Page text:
We next investigated the effect of kisspeptin on spontaneous EPSCs and IPSCs in GFP- expressing POMC neurons. Spontaneous EPSCs were recorded using a KMeSO4 pipette solution with BIC 30 µM in the bath. Under these conditions, kisspeptin (1µM) did not change the frequency of EPSCs (95±12% of control; p>0.05; n=7; ANOVA) (Fig. 4C–D). In the presence of AP5 (50 µM) and CNQX (10 µM), spontaneous IPSCs were recorded at a holding potential of −60 mV using a KCl pipette solution. Similarly, kisspeptin (1 µM ) did not change the frequency of IPSCs (99±4% of control; p>0.05; n=6; ANOVA) (Fig. 3E–F). These results suggest that the excitation of kisspeptin on POMC neurons is not due to a modulation of presynaptic input.
In order to clarify the mechanism underlying this inward current, we compared the kisspeptin-evoked inward current under several conditions with modified ACSF bath solution or pipette solution. All recordings were done with TTX (0.5 µM) in the bath. Using voltage-clamp recording at a holding potential of −60 mV, kisspeptin (1µM) evoked an inward current on POMC neurons. The amplitude of this current was 31.4 ± 7.3 pA (n=8, Fig.5 A & H). In a nominal zero Ca2+/ 10 mM Mg2+ ACSF solution, kisspeptin also evoked a smaller inward current (19.8 ± 5.4 pA), but the reduction was not significantly smaller than in control ACSF (n=5, Fig. 5B & H) (p>0.05, n=13, t-test). Next, BAPTA (10 mM) was added to the pipette solution to buffer the intracellular Ca2+, and the kisspeptin evoked inward current was recorded. After the BAPTA diffused into the cell, kisspeptin (1µM) evoked only a very small inward current (2.8 ± 1.1 pA; n=6, Fig. 5C & H), significantly smaller than the current evoked by kisspeptin without BAPTA in the pipette (p<0.01, n=14, t-test). This suggests that the inward current is dependent on intracellular Ca2+, which is consistent with activation of both the Na-Ca exchanger (NCX) and some non-selective cation currents (Dong et al. 2009; Ehara et al. 1989; Blair et al. 2009).
Li+ can replace Na+ in non-selective cation channels, but is not able to replace Na+ in most NCXs (Wu et al., 2004; but see Palty et al, 2004). We replaced 80% Na+ in ACSF with Li+ to see if this replacement would change the kisspeptin-induced inward current. Under this condition, kisspeptin evoked an inward current with an amplitude of 13.7 ± 4.6 pA (n=6, Fig. 5D & H), which is smaller than the current obtained in normal ACSF (p<0.05, n=14, t-test). Next, the NCX blocker, KB-R7943, was used (Huang & van den Pol, 2007; Wu et al., 2004). In the presence of KB-R 7943 (60 µM), the inward current evoked by kisspeptin (1 µM) was decreased to 5.5 ± 0.6 pA (n=6, Fig. 5E & H), which was significantly smaller than the current evoked in the absence of this blocker (p<0.01, n=14, t-test). Together, these results suggest that one mechanism underlying the inward current induced by kisspeptin is based on activation of the NCX current. Although the primary action of KB-R7943 is to block the NCX, it is also reported to have a partial side effect in attenuating non-selective cation currents (Kraft, 2007), and this may explain why KB-R7943 exerted a greater effect than Li+ substitution for Na+. A newer benzyloxyphenyl NCX blocker SN-6, which is more selective to NCXs compared to KB-R 7943 (Niu et al., 2007) was also used here. In the presence of SN-6 (10 µM), kisspeptin (1 µM) induced an attenuated inward current of 11.8 ± 2.4 pA ( n=7), which is much smaller than the current evoked in normal ACSF (p<0.05, n=15, t-test) (Fig. 5 F & H), further supporting the involvement of the NCX in kisspeptin induced inward current in POMC cells.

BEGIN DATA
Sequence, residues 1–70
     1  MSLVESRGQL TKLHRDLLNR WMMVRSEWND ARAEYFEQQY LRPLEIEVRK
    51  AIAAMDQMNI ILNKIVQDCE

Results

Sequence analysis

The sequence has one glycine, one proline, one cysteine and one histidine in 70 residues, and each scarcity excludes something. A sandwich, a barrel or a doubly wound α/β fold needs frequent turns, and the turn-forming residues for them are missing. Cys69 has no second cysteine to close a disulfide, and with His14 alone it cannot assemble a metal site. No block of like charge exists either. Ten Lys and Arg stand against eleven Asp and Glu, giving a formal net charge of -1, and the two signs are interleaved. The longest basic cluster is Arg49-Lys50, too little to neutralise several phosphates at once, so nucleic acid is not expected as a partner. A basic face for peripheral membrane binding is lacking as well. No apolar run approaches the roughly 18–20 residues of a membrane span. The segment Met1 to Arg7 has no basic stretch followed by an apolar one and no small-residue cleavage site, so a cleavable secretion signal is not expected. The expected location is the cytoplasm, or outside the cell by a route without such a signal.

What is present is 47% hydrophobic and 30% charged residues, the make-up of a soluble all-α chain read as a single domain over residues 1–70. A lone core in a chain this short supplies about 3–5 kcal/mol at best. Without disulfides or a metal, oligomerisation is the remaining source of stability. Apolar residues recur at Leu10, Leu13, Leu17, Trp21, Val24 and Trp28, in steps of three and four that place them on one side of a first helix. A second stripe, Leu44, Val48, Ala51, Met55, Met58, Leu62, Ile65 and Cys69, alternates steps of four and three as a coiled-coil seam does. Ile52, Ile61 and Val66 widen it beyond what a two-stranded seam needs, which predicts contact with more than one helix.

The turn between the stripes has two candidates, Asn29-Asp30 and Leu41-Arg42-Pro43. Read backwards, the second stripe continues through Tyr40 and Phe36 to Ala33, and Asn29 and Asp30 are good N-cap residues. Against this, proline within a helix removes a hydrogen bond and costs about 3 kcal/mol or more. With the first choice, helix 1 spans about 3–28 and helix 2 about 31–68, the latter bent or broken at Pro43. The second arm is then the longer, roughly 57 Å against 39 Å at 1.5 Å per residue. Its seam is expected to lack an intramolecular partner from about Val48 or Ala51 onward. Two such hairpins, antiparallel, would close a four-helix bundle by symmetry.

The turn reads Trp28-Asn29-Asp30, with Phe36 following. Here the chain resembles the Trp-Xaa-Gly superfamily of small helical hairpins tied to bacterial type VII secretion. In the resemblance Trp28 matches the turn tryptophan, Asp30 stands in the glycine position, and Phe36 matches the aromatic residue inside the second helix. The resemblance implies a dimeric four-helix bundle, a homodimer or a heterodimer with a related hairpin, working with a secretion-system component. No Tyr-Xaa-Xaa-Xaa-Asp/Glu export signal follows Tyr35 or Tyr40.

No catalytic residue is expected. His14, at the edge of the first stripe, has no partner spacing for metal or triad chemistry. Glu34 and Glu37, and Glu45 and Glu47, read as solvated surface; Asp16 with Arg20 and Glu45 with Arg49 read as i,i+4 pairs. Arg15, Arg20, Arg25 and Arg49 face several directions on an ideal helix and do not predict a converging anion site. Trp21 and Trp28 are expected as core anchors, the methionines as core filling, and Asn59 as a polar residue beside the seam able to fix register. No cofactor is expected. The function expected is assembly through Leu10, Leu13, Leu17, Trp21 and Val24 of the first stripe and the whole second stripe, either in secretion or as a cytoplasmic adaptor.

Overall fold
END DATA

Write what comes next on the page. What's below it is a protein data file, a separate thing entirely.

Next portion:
Next, the effect of SKF96365, a blocker of non-selective cation channels (Wang et al., 2007; Dong et al., 2009; Tsunematsu et al., 2008) was tested. In the presence of SKF96365 (10 µM), kisspeptin (1 µM) induced an inward current of 11.3 ± 1.9 pA ( n=6), statistically smaller than the current evoked in normal ACSF (p<0.05, n=14, t-test) (Fig. 5 G & H), suggesting that the activation of non-selective cation channels may be another mechanism by which kisspeptin induced an inward current in POMC cells, similar to that reported in GnRH neurons (Zhang et al., 2008).
To address further the underlying mechanisms of kisspeptin action, we next used voltage ramps. In GnRH neurons, kisspeptin may act via the reduction of inward rectified potassium currents (Dumalska etal., 2008 ). The kisspeptin evoked current was investigated using a ramp voltage protocol from −130 to +10 mV at a holding potential of −60 mV. With the perfusion of normal ACSF with TTX (0.5 µM), AP5 (50 µM), CNQX (10 µM), and CdCl2 (200 µM), using a KMeSO4 pipette solution, the ramp voltage input from −130 to +10 mV induced a current response as shown in figure 6A. Kisspeptin (1 µM) increased the current evoked by this ramp protocol. After subtracting the control from the current found after applying kisspeptin, a kisspeptin-evoked current was obtained (Fig. 6A). The average amplitude of the kisspeptin - induced current was 51.9 ±12.4 pA at −125 mV (n=9) (Fig.6E); this is greater than the 31 pA current described above in voltage clamp due to the more hyperpolarized membrane potential at which the current was measured.